Now you see most artists relying more on their iPad pro than on the stacks of tracing paper we used to have to lug around. In a simple tablet we can carry hundreds of pens and pencils, different types of paper, and thousands of searchable designs. This would have been impossible only 5 years ago.

Buying and Selling Flash

Flash doesn’t usually refer to just a single drawing.  Instead, the artist will create several pieces that are all on one page.  This works best if there’s some unifying feature to the page, but isn’t necessarily true for each sheet.  For example, the drawings may all revolve around a certain theme or will all have a signature style to them.  In addition to the final, detailed images, a flash artist will usually include a page with just the line drawings.  This allows the purchaser to use them in multiple ways, either to make a stencil directly or to simply try out different color schemes.  This is another reason that technology is so helpful.  Rather than tracing your drawing, you can scan it in and make as many copies as you like.

It’s most common to sell several sheets as a package.  In this case, the flash artist needs to decide whether all of the sheets will have a unifying feature or if they will all be different in order to provide a wide variety of designs.  So, when flash is purchased, the artist will usually be providing several sheets of designs, along with a second set of those sheets that are only line drawings.  In the US, these sheets are usually 11”x14”.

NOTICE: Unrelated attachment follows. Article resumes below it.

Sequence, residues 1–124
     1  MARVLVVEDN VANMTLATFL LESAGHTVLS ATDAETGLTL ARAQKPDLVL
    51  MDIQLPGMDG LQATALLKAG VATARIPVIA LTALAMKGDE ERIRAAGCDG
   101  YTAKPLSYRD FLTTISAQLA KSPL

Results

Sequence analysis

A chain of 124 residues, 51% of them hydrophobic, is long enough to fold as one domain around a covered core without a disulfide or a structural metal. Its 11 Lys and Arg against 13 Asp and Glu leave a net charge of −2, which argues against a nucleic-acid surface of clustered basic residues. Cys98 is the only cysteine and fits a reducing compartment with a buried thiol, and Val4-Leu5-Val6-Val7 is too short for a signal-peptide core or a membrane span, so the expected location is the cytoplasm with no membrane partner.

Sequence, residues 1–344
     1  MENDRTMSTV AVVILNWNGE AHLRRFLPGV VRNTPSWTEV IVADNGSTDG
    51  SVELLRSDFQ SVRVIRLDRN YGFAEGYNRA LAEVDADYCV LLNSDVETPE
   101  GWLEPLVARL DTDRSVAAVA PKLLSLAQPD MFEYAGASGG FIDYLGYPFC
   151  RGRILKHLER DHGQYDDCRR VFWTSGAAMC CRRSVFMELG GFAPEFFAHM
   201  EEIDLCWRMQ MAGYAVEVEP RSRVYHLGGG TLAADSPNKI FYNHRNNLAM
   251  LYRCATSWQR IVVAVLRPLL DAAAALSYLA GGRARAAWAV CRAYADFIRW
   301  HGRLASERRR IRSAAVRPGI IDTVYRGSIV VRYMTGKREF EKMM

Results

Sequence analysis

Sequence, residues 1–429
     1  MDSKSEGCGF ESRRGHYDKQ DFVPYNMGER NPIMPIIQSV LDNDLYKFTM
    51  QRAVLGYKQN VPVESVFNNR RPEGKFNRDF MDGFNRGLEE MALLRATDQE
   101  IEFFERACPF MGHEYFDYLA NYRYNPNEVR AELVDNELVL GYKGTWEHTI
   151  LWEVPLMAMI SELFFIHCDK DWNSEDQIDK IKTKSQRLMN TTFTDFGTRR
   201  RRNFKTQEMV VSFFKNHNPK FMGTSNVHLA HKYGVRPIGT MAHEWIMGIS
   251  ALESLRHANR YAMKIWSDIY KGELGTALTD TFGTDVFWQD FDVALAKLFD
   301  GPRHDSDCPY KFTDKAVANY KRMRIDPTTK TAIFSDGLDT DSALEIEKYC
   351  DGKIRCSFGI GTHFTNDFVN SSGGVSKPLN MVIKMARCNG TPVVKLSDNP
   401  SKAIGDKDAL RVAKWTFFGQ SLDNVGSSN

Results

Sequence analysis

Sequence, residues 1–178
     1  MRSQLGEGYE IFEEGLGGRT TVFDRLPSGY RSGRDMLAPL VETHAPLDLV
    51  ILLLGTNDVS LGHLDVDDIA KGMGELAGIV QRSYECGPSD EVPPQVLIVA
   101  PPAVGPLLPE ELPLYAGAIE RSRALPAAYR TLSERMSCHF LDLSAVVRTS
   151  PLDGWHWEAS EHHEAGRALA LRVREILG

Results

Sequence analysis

Prices for flash will vary according to what the market wants.  A highly sought after artist will therefore be able to charge considerably more than a new, unknown artists.  That said, having a new perspective or incredible style can certainly make a newer artist’s work more valuable.

Of course, he or she must get the flash in front of potential buyers.  Again, technology can be beneficial.  Where previous generations had to beat the pavement to personally go to local tattoo shops, today’s flash artists can create web sites and market their work online.  In order to avoid having designs stolen, however, there are some good practices to keep in mind, such as using small, low-resolution photos, posting angled shots so the designs can’t be easily traced, or applying a transparent watermark over the design.  This helps to show who owns it and discourages others from using it without payment.

Remember that the market for tattoo flash is not the same as the audience for a tattoo.  The person coming into a shop for a tattoo is not the flash artist’s target audience.  Instead, the work should be marketed to the shop itself.

Selling sheets directly to shop is probably the most obvious way to make some extra income from your designs, but there are many more. Creating t-shirts through print on demand services, making one-off or custom designs for commissions, and even framing and trying different markets such as etsy are all viable options.